As of early December, I am living about 350 miles south of Nashville. So far, I’ve made two trips there. The first one, in early January, was not too eventful, so far as songwriting is concerned (though my friend Susan, who lives there, took quite a bit of time to show me around the city).
I drove up again on Sunday, February 22 to meet with a song circle made up of members of Songtown USA, an international songwriting community that was started by a couple of current Nashville hit songwriters named Marty Dodson and Clay Mills. (The Songtown.com website is full of helpful and interesting content for beginning and even more experienced writers. With their subscription-based service, you get access to live webinars, and can also meet and network with other songwriters, find cowriters and more.) Clay and Marty encourage members to start their own local song circles.
The meeting was in the home of a Songtowner named Jon Helfand, who started the local Nashville circle. There were about a dozen writers in attendance, including a few from out of town, like me. The song critiques were fair and always targeted at making a better song. I met a writer there who I am now co-writing with.
I had not originally planned on arriving Sunday. It was a last-minute decision to attend the song circle. So I didn’t have a place to stay that night. Now, I am not above sleeping in my truck once in a while but there was still snow on the ground from a downfall that closed the city down the previous Thursday. It was about 30 degrees at 5 pm and not warming up. I decided not to worry about it. It would be alright.
My friend, songwriter-novelist Todd Lincoln Richards, who visits the city a couple times a years for a few months at a time, was in town. Another friend, Bill Berry, was up in Kansas City and traveling south to Nashville. I was expecting to see him Monday, so I’d rented a motel room for the week and we were going to split it. Due to some miscommunications, he actually arrived on Monday, too. I didn’t know this at the time though.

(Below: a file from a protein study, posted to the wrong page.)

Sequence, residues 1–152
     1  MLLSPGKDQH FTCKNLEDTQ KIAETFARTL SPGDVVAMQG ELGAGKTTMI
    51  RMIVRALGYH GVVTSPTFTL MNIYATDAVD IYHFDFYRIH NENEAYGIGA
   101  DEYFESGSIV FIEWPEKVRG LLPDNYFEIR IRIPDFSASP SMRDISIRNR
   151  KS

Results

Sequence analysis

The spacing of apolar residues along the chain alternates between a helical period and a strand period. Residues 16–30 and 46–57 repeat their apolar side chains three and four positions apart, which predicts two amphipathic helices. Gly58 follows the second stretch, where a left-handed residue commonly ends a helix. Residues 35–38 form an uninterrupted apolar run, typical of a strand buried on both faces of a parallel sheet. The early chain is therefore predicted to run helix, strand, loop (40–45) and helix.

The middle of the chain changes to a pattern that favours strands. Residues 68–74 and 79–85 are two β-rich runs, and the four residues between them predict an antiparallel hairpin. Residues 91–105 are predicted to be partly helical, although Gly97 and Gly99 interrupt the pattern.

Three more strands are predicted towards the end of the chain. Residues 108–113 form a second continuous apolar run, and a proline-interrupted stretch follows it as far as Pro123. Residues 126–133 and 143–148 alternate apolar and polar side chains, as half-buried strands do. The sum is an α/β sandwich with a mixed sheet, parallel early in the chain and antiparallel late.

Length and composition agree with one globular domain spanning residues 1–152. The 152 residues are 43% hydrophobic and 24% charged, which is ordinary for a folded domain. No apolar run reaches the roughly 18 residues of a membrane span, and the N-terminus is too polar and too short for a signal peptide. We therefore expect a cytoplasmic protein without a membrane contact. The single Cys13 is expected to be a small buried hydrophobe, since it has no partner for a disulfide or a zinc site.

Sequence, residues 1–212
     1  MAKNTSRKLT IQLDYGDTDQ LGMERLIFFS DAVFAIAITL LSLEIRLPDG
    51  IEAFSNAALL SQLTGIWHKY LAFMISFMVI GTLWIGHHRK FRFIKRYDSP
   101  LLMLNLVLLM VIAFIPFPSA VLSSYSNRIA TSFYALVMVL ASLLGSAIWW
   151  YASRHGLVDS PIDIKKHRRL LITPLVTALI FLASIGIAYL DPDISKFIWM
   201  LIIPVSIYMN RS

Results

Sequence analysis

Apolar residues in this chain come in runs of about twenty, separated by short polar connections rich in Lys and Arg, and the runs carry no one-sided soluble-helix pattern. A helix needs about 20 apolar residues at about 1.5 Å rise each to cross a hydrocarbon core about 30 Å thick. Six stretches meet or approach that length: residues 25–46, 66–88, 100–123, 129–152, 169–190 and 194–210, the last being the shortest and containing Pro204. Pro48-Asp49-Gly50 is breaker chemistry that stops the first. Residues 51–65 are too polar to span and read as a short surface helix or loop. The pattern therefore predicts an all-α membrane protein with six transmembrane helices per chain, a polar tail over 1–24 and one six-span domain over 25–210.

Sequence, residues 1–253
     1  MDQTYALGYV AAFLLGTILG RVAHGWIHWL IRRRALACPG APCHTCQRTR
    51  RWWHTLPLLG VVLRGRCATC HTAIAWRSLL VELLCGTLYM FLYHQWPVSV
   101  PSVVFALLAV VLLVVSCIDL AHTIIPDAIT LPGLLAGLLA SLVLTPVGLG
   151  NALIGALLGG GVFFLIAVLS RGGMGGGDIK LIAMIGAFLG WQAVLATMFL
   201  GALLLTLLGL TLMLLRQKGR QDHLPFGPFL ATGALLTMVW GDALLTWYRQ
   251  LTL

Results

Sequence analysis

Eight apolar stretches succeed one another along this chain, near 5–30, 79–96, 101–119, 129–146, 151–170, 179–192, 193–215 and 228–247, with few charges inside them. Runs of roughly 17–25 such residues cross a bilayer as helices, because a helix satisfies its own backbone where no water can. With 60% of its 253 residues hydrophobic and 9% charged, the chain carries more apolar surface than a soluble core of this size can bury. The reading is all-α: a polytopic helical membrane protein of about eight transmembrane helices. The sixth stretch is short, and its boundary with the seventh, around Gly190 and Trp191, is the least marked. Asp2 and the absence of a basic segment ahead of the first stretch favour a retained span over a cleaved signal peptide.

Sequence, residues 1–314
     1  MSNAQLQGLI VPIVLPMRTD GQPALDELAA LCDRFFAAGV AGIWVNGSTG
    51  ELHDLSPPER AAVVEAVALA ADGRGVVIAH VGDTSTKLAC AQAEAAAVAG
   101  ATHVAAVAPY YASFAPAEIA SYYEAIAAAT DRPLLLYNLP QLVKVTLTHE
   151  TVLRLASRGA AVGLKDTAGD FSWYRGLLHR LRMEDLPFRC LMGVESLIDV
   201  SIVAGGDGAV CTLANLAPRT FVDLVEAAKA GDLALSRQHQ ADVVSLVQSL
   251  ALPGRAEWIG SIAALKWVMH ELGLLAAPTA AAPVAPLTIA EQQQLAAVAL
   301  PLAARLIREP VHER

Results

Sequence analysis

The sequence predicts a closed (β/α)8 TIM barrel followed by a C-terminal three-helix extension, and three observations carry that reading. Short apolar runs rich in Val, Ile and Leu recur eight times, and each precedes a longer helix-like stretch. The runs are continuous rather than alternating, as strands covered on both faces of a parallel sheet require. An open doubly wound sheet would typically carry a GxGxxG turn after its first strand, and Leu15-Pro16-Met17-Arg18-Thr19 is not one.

I drove over to meet Todd at the Commodore Grille, which is a restaurant-bar in ground floor of the Holiday Inn near Vanderbilt University. It’s also a well-known songwriter showcase (ostensibly for tourists to get a taste of Nashville’s local talent and even some bigger name songwriters).
I met up with Todd, who was assisting Sunday night showcase host Debi Champion. While I was sitting at the bar, enjoying a cold Yazoo, Bill called from the motel wondering where I was (huh?) AND Debi asked me through Todd to fill in at the showcase for an artist who cancelled at the last minute.
So, there I was, playing my first showcase of the week, totally cold. I did it as a two-man round with Todd. Debbie very much appreciated that I could/would do it at the drop of a hat (and I think she was also happy that my songs didn’t suck).
Then I went and picked up Bill from the motel. (He ended up on the Commodore stage later that night, too.)